Peter Stephan Jungk's beautiful, surpassingly strange novel deals with emotions and faith, but it opens with a mundane, concrete setting: a traffic jam. Gustav, a middle-aged fur trader living in Vienna, is in New York to visit his wife and children. He's accompanied during the drive by his elderly mother, a harridan who criticizes his every decision, especially his conversion to Orthodox Judaism. The Sabbath is approaching, so he needs to get to the lake house by sunset, but a chemical spill on the Tappan Zee Bridge has halted traffic. To get some breathing room and escape Mom's critiques, he walks to the edge of the bridge, looks down and sees his late father's naked body, enormous, stretched between the riverbanks.

Gustav could be seeing things: His flight had a lengthy delay, and it's not clear that anybody else can see what he and his mother see. But the vagueness only bolsters the uncanny feel of "Crossing the Hudson," as Gustav studies his father's body, "lying there like Gulliver stranded in Lilliput." The story turns on Gustav's memories of his father, Ludwig, a famed physicist, with stories roughly parallel to body parts: his legs spark stories of hiking trips, his genitals relate to memories of his many infidelities, his head spawns Gustav's thoughts of the scholarly world he grew up in.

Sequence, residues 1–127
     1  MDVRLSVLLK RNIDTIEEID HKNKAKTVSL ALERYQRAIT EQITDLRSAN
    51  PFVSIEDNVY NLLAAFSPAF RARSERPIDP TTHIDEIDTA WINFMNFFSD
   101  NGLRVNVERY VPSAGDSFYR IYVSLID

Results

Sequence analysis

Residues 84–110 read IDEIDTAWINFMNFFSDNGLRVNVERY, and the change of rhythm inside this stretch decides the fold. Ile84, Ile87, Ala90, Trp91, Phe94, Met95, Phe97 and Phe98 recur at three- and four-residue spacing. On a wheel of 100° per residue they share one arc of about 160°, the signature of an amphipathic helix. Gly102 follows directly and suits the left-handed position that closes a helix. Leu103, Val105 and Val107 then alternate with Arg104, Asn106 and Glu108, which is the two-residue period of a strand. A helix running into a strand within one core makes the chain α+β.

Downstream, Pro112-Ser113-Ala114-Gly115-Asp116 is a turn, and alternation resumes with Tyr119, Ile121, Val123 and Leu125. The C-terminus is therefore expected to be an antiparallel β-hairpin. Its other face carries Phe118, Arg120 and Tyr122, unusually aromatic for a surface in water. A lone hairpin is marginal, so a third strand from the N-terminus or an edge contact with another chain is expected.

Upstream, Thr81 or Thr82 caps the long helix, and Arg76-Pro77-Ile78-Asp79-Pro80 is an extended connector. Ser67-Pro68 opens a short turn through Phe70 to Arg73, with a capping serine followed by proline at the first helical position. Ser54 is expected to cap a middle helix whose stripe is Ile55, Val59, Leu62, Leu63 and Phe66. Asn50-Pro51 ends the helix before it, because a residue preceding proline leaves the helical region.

An eighth-grader can tease out the symbolism here: Ludwig was a larger-than-life figure who intimidates Gustav even in death, and the book will describe how he will literally bridge the gap. "The more enterprising the father, the quieter and more worn out the son," Jungk writes.

Yet the metaphor has great force behind it, allowing for a treatment of father-son relationships that's both deeply intimate and deeply intellectual. As if to match the literal exposure of the "fatherbody" in the river, Jungk's narrative is thick with confessions of abuse, sex, fear of failure and history -- memories of the Holocaust also thrum softly through the story. The novel's tone is a kind of tender rage, and Gustav's inner conflict is clear when he thinks of his father as "monster, fallen angel, handsome man, the living dead, deceased father of life."

Jungk's treatment is imperfect: Gustav's mother is something of a caricature, an unstoppable lecture machine, and attempts to bring some action to the gridlock sometimes seem forced and unrealistic. (Nobody's going to host an ad hoc history lecture during a traffic jam, even a long one.) But those flaws don't intrude on the central story of Ludwig and Gustav, especially in the closing pages that bring their lives uncannily together. Ludwig's magnum opus, we learn, was titled "Fusion" -- an apt term for the connection his son is seeking and which Jungk surprisingly, elegantly describes.

Mark Athitakis is a writer in Washington, D.C. He blogs at